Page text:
A key part of the Boston Celtics' image has always been the floor they play on -- parquet. Thanks to a lumber shortage after World War II, the Celtics looked for ways to cut costs when entering the Basketball Association of America in 1946, resulting in the unique use of a parquet floor, which the Celtics have played every home game on since -- until now.
With the introduction of the NBA's new In-Season Tournament, teams were given new floor designs to represent that the games being played were tournament games. With all courts being the same dual-tone template, with a few individual branding elements throughout, Boston's home court lacked the ever-important parquet.
The Celtics reportedly asked the NBA to add a parquet-painted design in the middle strip but were denied, Steve Bulpett of Heavy Sports reported on Friday night.
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The Celtics' new court design, only to be used for In-Season Tournament games, follows the design of their new city edition jersey: primarily green with a tan colored strip through the middle of the court, from hoop to hoop, and a "Boston" wordmark logo at center court. It also features the signature of Red Auerbach and the number 6 in honor of the late Bill Russell.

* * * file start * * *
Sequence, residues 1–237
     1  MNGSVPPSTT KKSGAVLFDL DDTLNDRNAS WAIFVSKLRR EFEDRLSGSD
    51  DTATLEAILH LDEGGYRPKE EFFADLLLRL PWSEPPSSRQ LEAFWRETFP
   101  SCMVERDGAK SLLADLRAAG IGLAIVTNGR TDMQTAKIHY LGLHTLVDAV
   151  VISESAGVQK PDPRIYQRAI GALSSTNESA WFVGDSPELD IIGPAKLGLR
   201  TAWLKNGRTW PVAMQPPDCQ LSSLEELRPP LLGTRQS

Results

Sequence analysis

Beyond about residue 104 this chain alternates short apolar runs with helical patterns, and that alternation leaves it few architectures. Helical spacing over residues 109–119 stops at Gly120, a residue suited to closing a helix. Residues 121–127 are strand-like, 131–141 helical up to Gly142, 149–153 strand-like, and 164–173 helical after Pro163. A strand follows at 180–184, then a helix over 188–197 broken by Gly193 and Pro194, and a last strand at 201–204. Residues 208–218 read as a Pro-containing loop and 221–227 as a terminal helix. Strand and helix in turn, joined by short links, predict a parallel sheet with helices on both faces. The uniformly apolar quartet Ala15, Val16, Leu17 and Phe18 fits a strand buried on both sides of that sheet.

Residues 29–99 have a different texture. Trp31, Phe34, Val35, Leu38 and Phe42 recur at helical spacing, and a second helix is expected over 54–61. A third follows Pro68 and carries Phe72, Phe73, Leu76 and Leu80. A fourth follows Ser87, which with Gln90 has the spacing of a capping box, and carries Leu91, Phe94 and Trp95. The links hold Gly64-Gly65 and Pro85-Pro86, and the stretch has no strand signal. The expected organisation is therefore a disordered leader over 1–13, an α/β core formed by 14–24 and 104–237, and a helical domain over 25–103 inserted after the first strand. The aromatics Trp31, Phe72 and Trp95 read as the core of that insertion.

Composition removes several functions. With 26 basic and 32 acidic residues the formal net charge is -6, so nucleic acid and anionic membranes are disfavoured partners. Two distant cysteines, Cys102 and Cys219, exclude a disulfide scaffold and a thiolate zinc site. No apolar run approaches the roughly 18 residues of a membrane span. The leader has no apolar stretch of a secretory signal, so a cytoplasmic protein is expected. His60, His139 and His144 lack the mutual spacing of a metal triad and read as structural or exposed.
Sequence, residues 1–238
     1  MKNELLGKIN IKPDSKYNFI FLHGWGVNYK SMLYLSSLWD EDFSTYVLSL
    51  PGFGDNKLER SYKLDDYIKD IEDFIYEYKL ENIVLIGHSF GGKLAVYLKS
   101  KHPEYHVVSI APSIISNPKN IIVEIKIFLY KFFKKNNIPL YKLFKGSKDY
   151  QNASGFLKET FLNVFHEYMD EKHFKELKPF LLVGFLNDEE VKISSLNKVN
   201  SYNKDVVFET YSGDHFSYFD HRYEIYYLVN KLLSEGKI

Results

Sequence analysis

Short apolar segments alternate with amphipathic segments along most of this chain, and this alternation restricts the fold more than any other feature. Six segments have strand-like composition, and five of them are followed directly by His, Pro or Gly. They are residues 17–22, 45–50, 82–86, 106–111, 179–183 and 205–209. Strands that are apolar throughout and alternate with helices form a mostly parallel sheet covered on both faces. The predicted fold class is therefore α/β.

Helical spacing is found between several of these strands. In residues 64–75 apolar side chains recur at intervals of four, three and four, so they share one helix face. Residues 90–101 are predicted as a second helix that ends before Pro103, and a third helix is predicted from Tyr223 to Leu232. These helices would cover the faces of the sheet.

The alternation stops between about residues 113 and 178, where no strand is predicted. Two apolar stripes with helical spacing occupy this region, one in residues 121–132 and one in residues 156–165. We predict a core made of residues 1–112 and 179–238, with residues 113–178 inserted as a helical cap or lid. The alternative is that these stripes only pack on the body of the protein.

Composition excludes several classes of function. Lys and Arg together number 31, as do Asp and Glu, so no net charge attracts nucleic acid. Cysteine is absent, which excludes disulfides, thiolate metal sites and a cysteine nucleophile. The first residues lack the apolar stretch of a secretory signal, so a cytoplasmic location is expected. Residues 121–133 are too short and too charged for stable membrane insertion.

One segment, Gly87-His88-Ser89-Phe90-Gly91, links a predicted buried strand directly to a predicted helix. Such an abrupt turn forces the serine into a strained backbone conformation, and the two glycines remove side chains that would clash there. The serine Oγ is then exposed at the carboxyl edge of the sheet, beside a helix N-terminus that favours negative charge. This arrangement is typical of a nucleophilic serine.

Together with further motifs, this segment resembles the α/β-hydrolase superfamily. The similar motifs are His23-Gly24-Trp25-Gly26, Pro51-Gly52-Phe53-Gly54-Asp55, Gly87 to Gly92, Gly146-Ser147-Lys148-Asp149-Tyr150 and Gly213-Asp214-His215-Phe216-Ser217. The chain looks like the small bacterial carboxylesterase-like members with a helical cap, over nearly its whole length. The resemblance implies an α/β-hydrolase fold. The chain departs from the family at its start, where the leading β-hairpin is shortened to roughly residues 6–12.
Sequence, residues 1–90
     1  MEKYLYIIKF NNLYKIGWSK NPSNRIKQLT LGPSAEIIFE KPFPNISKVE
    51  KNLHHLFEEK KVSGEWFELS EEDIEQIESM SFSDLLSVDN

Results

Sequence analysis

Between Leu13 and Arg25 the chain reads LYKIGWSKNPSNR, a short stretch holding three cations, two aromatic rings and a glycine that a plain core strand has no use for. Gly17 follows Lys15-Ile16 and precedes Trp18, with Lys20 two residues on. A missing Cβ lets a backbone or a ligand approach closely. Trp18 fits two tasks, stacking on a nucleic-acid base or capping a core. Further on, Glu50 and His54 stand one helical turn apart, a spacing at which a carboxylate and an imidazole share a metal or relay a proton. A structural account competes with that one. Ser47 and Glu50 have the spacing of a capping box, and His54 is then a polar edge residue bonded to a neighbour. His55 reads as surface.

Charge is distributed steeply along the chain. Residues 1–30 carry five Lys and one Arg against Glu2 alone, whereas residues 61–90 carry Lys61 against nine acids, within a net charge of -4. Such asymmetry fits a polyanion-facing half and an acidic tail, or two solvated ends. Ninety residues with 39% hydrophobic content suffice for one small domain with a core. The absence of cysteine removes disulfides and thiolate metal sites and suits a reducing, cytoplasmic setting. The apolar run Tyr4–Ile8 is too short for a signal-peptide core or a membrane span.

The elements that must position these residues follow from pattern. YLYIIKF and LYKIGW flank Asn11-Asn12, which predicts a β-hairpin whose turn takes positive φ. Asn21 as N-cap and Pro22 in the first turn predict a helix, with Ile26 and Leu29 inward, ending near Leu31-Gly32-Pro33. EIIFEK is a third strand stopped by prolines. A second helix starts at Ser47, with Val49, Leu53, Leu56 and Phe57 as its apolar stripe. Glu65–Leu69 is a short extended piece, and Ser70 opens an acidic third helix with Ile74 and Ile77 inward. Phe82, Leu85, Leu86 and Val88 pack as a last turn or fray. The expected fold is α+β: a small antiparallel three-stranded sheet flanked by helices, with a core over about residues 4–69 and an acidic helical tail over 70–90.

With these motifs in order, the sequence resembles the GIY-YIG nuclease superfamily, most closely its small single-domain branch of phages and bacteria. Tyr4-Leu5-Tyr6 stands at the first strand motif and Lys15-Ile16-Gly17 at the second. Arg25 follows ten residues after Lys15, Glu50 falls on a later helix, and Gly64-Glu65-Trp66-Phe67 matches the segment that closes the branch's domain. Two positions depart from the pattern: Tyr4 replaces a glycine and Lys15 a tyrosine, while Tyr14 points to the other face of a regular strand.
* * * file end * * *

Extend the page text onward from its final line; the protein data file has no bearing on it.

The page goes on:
Russell himself even commented on the importance of the parquet in a 2000 interview with the New York Times.
"It was unique because it looked like no other floor,'' Russell said. "But what was most significant about the floor was that teams found it distracting. And that was all right. It was part of our legend for kicking everybody's butts.”
The Celtics kick off their In-Season Tournament run on Friday night against the Brooklyn Nets, a team they have already beaten earlier in the season, in what will be the franchise's first home game in history without the parquet.